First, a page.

Darwin’s account of the origin of living things makes no attempt to answer the deepest question, what is life? What is the origin of DNA? What explains the astounding properties of biological organisms? There is a gap in our knowledge and it seems unbridgeable without fundamentally new concepts. Now, an answer is at hand. In this event, physicist Paul Davies outlines how ‘organised information’ may be the key to understanding new laws of life.

From DNA through cell signalling to brains and ecosystems, hidden patterns of information emerge and combine to conjure order out of chaos. It is here, Davies asserts, at the intersection of biology, physics and information theory, that scientists are finally elucidating the deepest laws of life. Dazzling advances in nanotechnology and biophysics have demonstrated how living organisms manipulate information to power molecular motors, control chemical reactions and navigate the uncertain world of molecular randomness. These discoveries are upending established ideas in biology, medicine and the search for life beyond Earth. Davies explains his own thinking about physics, life and complexity, and lays out the foundations for the next great frontier in science, in which new physical laws will be understood and exploited.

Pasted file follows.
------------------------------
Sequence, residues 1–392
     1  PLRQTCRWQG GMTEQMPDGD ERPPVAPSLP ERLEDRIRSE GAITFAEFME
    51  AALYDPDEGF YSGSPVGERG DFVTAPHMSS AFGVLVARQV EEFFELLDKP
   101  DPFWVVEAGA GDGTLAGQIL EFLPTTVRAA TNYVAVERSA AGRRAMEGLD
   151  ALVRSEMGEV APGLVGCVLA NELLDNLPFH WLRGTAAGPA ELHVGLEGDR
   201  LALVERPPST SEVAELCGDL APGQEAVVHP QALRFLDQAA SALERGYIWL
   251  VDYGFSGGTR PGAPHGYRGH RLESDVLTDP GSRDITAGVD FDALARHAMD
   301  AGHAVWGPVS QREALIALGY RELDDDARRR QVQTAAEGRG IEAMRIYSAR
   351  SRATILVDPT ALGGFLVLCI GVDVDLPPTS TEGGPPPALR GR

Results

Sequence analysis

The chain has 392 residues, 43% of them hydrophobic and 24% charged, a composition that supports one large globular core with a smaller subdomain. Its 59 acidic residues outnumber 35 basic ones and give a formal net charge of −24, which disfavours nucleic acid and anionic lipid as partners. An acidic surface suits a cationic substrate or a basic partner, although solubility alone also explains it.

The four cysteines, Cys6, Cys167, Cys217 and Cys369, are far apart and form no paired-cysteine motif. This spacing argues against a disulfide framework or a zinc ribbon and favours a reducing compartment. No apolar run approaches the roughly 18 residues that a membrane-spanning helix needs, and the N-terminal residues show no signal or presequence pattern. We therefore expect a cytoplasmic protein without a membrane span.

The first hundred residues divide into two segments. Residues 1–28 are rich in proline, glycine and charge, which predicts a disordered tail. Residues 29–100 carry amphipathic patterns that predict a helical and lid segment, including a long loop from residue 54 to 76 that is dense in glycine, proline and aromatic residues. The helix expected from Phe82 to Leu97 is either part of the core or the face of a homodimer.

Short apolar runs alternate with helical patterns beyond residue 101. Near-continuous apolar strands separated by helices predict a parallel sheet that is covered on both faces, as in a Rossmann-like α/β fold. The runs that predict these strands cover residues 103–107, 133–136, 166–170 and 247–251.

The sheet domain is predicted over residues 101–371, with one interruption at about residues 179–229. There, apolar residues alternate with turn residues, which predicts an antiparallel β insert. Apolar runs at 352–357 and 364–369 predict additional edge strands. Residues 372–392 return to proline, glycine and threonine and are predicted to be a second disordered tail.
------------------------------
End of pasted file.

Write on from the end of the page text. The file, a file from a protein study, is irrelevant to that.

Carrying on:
In conversation with Margaret Heffernan.

Book HERE.

Michael Pollan – Can Psychedelics Change Your Mind?

Wednesday 5 June

Festival of Ideas

Michael Pollan discusses the medical and scientific revolution taking place around psychedelic drugs – and tells the story of his own life-changing psychedelic experiences.

Diving deep into both the latest brain science and the thriving underground community of psychedelic therapists, Pollan talks about the scientists, professionals, seekers and patients exploring the effects of LSD on our minds, creativity and health. He sifts through the historical record to separate the truth about these mysterious drugs from the myths that have surrounded them since the 1960s, and asks how, in a world that offers us both suffering and joy, we can do our best to be fully present and find meaning in our lives.